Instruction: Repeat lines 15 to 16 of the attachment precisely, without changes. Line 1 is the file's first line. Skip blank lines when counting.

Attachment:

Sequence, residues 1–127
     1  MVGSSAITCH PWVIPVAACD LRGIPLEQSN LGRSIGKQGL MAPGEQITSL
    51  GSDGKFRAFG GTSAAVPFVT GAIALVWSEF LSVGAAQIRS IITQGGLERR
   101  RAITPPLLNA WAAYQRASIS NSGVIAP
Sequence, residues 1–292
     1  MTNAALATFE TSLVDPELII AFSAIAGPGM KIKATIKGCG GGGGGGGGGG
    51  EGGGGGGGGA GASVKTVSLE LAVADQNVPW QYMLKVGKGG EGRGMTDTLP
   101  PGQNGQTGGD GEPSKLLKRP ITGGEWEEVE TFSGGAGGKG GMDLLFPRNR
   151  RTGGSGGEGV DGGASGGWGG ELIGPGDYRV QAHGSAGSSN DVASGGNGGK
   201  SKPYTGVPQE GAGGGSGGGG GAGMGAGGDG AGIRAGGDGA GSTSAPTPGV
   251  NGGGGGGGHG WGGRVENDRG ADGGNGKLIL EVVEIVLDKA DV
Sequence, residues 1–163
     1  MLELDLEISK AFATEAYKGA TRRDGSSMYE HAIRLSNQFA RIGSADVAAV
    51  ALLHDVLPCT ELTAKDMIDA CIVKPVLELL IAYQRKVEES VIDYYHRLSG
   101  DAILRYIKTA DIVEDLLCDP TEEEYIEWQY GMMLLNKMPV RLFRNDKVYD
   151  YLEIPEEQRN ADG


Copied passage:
   101  DAILRYIKTA DIVEDLLCDP TEEEYIEWQY GMMLLNKMPV RLFRNDKVYD
   151  YLEIPEEQRN ADG